News
News Home
Quick Bites
Exploradio
News Archive
News Channel
Special Features
NPR
nowplaying
On AirNewsClassical
Loading...
  
School Closings
WKSU Support
Funding for WKSU is made possible in part through support from the following businesses and organizations.

Wayside Furniture

Metro RTA


For more information on how your company or organization can support WKSU, download the WKSU Media Kit.

(WKSU Media Kit PDF icon )


Donate Your Vehicle to WKSU

Programs Schedule Make A Pledge Member BenefitsFAQ/HelpContact Us
Economy and Business


Honey production sharply dropped in Ohio last year
The bad winter is likely to make the worsening trend continue, beekeeper says
Story by LYNDSEY SCHLEY


 
Honey production went down last year and bee losses over the winter are likely to hurt honey production for 2013.
Courtesy of Peter Shanks
Download (WKSU Only)
In The Region:

A report from the USDA shows honey production in Ohio dropped from 2012 to 2013 and the outlook is not good for 2014.

Honey production was down almost 30 percent from last year. Master Beekeeper Joe Kovaleski of Steubenville says poorly timed weather affected honey production. Late frost hurt flowers in spring and heavy rain kept bees in their hives in early summer.
Then droughts dried up the nectar the bees need for honey.

LISTEN: KOVALESKI ON HONEY

Other options:
Windows Media / MP3 Download (0:23)


Kovaleski says this coincided with recent problems with bee colony collapses due to insecticides and fungicides.

Unfortunately, the outlook for this year is not good either. Kovaleski says Ohio beekeepers are reporting about a 70 percent loss of bees over the harsh winter. 

LISTEN: KOVALESKI ON HIVES

Other options:
Windows Media / MP3 Download
(0:16)

“Which is going to put a real crimp on what’s going to happen the rest of the year with our Ohio bee hives," Kovaleski says. "The excessive long winter that we had, the excessive cold puts a crimp on everything we have for the rest of the year.”

While Ohio was down, nationwide production was up 5 percent. Honey prices also reached an all-time high at over $2 a pound.

Add Your Comment
Name:

Location:

E-mail: (not published, only used to contact you about your comment)


Comments:




 
Page Options

Print this page

E-Mail this page / Send mp3

Share on Facebook



Stories with Recent Comments

Ohio's Supreme Court narrowly upholds Ashford Thompson's death sentence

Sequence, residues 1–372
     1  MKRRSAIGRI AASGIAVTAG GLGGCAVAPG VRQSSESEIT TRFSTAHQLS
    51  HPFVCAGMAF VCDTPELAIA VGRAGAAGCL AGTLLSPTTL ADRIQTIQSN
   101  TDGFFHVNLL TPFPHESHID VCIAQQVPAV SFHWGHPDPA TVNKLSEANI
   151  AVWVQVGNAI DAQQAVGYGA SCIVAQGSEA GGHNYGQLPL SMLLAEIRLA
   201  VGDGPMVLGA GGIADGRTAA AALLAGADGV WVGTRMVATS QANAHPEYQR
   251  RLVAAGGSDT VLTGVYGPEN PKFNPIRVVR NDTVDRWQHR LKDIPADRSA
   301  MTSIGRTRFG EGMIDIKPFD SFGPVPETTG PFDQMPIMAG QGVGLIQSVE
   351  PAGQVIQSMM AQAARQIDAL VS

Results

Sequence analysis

"Justices" William O’Neill, Paul Pfeifer and Judith Lanzinger should all be immediately removed from the court. If they could actually believe that this murde...

Ohio's Sen. Brown is pushing for more assistance for homeless vets
That would be a great program to have for the homeless vets. Many of them are still suffering from PTSD even from the Vietnam war.

Lordstown GM plant plans to install 8,500 solar panels
How much will this solar array cost? How is it being funded, and who is really paying for it? How much real useful electricity will it actually produce in MEh p...

Local Ebola concerns cause officials to pay more attention to West Africa
I have a better idea, let's secure our borders and spend those billions of dollars on our own first.

HUD and Cuyahoga Land Bank extend a housing deal for another year
Need to sale lot, and would like to know how to contact someone to see if they may be interested in the property that sat between two lots. If you can give me...

Akron Beacon Journal details abuse claims against televangelist Angley
In the early 90's I went forth for pray. And the man was anointed by the hand of God. Just a fact I will never forget

Lawmaker questions why a million voters didn't get absentee applications
He's a damn lie! I vote n all elections. I missed 1. Haven't gotten my absentee ballot and their making it hard to get one.

Thirsty Dog Brewery warns it might have to leave Akron
Why is it the city's responsibility to find this guy a location? There are a hundred realestate companies that could help him.

Kent State sends home three after contact with second Ebola-stricken nurse
Why weren't all health workers who were around Duncan quaranteened for 21 days and tested for Ebola? That's a no-brainer. Why was Vinson allowed to travel right...

Copyright © 2014 WKSU Public Radio, All Rights Reserved.

 
In Partnership With:

NPR PRI Kent State University

listen in windows media format listen in realplayer format Car Talk Hosts: Tom & Ray Magliozzi Fresh Air Host: Terry Gross A Service of Kent State University 89.7 WKSU | NPR.Classical.Other smart stuff. NPR Senior Correspondent: Noah Adams Living on Earth Host: Steve Curwood 89.7 WKSU | NPR.Classical.Other smart stuff. A Service of Kent State University